Beer production has evolved enormously over the past decades. From ancient home beer making traditions, down to the most technological methods used by brewing moguls in Europe and in the United States, brewing has definitely gone through a wide range of alterations and advancements. But with all the changes instigated by both master home brewers and brewery magnates, one inherent process remains the same – fermentation.
From a more scientific perspective, fermentation in the beer making process happens when the yeast content of the cereal grains converts glucose into alcohol and carbon dioxide. While most beers would have an alcohol content of four to six percent by volume, home brewers can always opt for stronger snifters. Brewing a flavorful beer with higher alcohol content can be achieved by considering a malt base with higher gravity, increasing the fermentation phase, and using yeasts that are more attenuative in character.
The Base and the Basics
Increasing the proportions of your malt base and your water content will equate to increased gravity levels. As a general rule, the higher the specific gravity, the higher the alcohol content. Pick rich grains and add the malt extracts prior to fermentation. A hydrometer may be used to measure the specific gravity of your homemade concoction. Reaching figures that are roughly around 1.07 to 1.08 are already ideal results. Denser wort equates to more sugars available for fermenting.
The Fermentation Process
The lag phase in fermentation where the wort begins to assimilate to the new characteristics of its environment can last from one hour to several days. In this case, a little waiting will do your beer a lot of good. Remember that at this phase, the yeast is working extra hard to respirate the added amount of sugar in the form of richer grains; so give it time to finish all the chemical phases that it needs to undergo. Typical fermentation periods usually yield 35 grams of ethanol per liter of beer. Allowing longer fermentation will help increase the alcohol levels. Beers with alcohol contents of up to 12 percent or more by volume can take as much as 4 to 6 months to ferment.
The Yeast Factor
On a general note, attenuative yeast selections usually continue to ferment to increased alcohol levels. Attenuation is the ability to transform sugar into alcohol. The brewers’ yeast, scientifically known as Saccharomyces cervisiae, is just one of the roughly 500 yeast species known to man. This yeast specie is preferred by beer brewers because these specific strains are characterized by ideal attenuation, alcohol tolerance, flocculation (innate ability to bundle together), and zesty fermentation flavors. Yeasts also affect the taste profile of beer.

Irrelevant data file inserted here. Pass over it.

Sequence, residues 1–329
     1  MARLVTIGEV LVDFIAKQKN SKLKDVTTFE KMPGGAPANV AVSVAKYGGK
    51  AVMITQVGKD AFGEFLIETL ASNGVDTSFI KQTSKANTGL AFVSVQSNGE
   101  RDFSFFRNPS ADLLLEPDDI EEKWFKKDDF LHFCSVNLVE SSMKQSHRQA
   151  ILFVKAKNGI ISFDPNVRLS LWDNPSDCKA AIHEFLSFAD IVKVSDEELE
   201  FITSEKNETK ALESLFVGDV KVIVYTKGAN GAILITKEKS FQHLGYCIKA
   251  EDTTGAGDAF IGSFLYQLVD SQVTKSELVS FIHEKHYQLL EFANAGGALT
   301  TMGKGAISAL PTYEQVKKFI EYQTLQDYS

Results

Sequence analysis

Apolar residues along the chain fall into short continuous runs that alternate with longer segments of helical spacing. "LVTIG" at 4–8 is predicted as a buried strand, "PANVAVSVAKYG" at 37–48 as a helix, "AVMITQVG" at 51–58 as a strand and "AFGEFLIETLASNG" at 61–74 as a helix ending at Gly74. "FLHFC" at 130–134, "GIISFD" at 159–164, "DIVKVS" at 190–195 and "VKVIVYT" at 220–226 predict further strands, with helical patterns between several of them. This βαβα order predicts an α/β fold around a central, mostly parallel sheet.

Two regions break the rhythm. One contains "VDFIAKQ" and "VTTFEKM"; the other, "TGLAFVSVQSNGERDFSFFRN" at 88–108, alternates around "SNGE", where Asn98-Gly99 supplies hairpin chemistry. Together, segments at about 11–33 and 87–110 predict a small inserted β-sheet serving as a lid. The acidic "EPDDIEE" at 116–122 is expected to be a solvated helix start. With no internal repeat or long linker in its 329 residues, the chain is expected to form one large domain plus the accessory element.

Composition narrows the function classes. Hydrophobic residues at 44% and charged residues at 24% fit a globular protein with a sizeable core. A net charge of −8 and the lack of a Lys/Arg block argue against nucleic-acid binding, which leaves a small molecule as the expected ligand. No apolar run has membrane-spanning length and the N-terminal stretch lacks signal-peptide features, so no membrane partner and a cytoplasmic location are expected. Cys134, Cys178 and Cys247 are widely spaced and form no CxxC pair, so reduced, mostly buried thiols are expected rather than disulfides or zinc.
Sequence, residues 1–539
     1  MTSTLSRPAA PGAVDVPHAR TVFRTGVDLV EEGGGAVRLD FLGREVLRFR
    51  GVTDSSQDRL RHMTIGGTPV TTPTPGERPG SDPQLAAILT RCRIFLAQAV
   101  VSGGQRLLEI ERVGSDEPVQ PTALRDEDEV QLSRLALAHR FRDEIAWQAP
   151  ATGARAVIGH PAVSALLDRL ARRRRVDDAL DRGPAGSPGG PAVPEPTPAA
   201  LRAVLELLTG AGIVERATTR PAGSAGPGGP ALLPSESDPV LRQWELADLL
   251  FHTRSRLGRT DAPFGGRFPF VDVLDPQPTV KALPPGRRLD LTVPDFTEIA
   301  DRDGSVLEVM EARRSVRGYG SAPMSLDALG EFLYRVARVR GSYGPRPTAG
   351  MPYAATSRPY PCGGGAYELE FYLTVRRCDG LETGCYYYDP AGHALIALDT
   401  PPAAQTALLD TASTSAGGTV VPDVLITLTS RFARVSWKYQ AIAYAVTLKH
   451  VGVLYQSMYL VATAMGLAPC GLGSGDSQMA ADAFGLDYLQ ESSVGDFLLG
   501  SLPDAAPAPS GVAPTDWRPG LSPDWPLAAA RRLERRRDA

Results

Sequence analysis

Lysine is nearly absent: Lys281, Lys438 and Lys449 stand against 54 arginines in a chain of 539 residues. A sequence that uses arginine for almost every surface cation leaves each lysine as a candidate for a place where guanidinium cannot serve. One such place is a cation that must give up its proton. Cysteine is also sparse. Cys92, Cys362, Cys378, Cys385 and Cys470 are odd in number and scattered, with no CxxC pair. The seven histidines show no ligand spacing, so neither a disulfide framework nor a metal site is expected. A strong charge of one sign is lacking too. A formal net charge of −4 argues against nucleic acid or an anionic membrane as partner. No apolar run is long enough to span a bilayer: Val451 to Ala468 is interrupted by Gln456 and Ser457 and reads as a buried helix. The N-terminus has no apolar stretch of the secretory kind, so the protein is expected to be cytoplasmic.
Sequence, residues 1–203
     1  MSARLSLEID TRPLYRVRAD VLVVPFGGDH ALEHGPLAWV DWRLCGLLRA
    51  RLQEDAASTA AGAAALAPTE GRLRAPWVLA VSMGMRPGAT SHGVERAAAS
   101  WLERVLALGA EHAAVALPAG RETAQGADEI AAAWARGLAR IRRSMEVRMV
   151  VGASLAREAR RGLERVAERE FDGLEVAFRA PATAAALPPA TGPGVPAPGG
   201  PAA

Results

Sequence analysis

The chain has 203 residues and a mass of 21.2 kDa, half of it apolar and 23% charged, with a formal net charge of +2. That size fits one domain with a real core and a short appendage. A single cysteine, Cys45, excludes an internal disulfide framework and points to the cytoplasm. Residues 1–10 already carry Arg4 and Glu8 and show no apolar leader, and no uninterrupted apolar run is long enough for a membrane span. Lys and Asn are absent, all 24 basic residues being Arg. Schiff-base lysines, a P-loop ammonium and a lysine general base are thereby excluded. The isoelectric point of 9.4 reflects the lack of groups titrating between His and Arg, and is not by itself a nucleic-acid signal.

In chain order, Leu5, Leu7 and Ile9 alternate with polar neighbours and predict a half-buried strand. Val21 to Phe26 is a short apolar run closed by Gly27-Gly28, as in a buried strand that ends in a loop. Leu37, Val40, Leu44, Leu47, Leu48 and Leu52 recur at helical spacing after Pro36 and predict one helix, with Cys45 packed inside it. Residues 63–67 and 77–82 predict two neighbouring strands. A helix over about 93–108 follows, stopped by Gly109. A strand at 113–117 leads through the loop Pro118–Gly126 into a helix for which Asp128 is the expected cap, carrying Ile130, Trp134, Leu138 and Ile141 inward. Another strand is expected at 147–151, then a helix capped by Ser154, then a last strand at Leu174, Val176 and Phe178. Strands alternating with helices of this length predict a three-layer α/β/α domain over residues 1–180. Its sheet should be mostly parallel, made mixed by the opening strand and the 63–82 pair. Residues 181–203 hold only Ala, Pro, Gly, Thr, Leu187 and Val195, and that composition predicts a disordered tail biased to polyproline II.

In fact, the flavor wheel release by The American Society of Brewing Chemists evidently shows that 79% of the total taste or flavor of beers are attributed to actual yeast derivatives (by-products), or beer elements that are directly or indirectly affected by yeast. The way they absorb the iso-alpha-acids directly affects the bitterness of beer because these alpha compounds are actually responsible for the pungent taste that strong beers are known for. However, master brewers always emphasize that great brewers should know how to strengthen their beers without compromising the flavor. If you really want beers with high strength alcohol, opt for yeasts that can stand alcohol concentrations like the Wyeast 1056.
These strains are known to put up with alcohol concentrations of up to 10 percent. Regardless of the strength, be sure that your homemade beer will not offset overall quality. While attempting to draft strong beers with a distinct, strong kick, be sure that you still consider what home beer making is really all about – the art of crafting your very own beverage to achieve optimum satisfaction and unparalleled quality that only hand crafted beers can offer. After all, more than the entire scientific process, home-brewed beer is genuinely a dexterous art.